Centering Justice Symposium Session #1: The Legacy of Public Space on Occupied Lands

Egg Rock in Concord, photo by Erin Genia


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How has our understanding of public space – and by extension, public art – been shaped by the legacy of settler-colonialism in the United States, and in our region in particular? In the 400 years since the English settlers came to these shores, the public commons have excluded Indigenous peoples, and sought to make us invisible on our own lands. Hear from Native artists on the implications of deeply embedded settler-colonial systems on present-day tribal peoples’ territories, livelihoods, arts and culture, and how they reverberate into our shared public spaces.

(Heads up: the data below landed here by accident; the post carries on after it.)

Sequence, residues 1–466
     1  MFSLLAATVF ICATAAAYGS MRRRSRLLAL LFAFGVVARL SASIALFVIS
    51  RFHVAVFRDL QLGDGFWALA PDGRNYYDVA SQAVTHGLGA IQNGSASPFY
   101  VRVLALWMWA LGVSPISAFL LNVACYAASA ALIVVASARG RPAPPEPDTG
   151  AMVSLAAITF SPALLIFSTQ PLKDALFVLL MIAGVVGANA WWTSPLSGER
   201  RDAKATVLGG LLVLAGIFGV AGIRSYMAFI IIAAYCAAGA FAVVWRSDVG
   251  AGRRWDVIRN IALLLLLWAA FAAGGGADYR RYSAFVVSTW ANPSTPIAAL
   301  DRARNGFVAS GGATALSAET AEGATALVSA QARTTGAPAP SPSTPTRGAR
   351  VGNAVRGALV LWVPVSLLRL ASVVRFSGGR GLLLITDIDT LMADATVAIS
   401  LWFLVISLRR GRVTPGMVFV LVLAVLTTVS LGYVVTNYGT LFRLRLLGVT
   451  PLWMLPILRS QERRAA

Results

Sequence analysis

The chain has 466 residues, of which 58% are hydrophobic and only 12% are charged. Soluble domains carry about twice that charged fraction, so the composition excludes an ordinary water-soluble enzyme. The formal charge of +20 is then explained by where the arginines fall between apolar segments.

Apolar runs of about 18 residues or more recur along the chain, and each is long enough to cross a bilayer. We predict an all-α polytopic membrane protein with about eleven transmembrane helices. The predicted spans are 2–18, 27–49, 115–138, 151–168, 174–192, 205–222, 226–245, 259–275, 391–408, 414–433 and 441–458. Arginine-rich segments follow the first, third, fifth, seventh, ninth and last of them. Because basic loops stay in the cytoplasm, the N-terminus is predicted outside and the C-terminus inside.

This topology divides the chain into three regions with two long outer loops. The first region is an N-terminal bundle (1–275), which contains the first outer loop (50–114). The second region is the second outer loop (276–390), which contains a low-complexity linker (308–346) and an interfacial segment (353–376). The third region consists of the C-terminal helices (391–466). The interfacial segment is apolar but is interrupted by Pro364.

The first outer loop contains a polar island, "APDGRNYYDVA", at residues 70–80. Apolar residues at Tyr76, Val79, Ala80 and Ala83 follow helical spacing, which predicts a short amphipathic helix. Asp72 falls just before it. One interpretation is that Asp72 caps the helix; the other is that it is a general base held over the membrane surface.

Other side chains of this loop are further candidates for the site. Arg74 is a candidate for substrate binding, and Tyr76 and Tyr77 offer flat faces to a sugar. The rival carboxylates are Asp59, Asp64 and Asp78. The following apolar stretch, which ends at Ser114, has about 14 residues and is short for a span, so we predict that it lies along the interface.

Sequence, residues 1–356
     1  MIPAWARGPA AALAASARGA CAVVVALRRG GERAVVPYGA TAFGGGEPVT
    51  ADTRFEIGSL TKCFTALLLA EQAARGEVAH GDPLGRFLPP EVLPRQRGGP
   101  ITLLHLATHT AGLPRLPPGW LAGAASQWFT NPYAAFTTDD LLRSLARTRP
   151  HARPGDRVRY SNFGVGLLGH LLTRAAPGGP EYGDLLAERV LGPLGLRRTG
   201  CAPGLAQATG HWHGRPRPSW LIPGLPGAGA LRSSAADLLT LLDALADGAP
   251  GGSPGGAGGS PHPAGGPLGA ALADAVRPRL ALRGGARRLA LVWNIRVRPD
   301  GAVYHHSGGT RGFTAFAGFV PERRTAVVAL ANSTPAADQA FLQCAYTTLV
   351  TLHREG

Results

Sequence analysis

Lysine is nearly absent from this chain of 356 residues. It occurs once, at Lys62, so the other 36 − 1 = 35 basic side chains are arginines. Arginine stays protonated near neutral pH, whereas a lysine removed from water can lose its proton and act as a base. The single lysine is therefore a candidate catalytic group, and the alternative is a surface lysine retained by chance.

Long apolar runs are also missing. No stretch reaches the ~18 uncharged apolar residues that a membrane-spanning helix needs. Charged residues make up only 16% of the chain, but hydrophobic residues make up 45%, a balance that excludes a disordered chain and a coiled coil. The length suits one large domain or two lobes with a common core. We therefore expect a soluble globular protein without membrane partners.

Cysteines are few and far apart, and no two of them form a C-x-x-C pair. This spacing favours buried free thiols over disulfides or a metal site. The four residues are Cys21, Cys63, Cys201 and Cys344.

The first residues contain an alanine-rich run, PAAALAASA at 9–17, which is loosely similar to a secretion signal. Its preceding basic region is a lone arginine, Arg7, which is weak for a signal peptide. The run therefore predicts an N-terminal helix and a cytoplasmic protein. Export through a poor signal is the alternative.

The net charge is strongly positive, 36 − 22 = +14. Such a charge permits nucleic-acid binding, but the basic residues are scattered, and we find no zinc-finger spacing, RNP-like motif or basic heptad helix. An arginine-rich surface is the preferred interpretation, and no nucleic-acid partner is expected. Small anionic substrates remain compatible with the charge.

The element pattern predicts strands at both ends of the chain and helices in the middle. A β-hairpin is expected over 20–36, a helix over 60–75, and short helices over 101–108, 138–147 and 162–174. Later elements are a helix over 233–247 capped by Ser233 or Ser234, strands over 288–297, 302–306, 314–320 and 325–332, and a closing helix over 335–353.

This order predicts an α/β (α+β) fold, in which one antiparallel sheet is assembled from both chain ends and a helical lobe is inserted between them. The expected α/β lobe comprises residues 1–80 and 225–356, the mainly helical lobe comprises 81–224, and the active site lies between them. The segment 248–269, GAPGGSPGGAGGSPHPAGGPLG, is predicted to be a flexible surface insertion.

Guest Speakers

Four headshots (two inside and two outside) of a man, a woman, another man, and another woman.
from left: Bruce Curliss (Nipmuc), Courtney M. Leonard (Shinnecock), Robert Peters (Mashpee Wampanoag), and Jenny Oliver (Massachusett Tribe at Ponkapoag)
  • Bruce Curliss, Nipmuc

  • Jenny Oliver, Massachusett Tribe at Ponkapoag

  • Robert Peters, Mashpee Wampanoag

  • Courtney M. Leonard, Shinnecock

  • Facilitator: Erin Genia, Sisseton-Wahpeton Oyate

Centering Justice Symposium

This event is part of a virtual symposium, Centering Justice: Indigenous Artists’ Perspectives on Art in Public Space (September 23-24, 2020) featuring Indigenous artists’ and cultural practitioners’ critical perspectives on art and public space, and the intertwined economic, ecological, cultural, and social justice dimensions.


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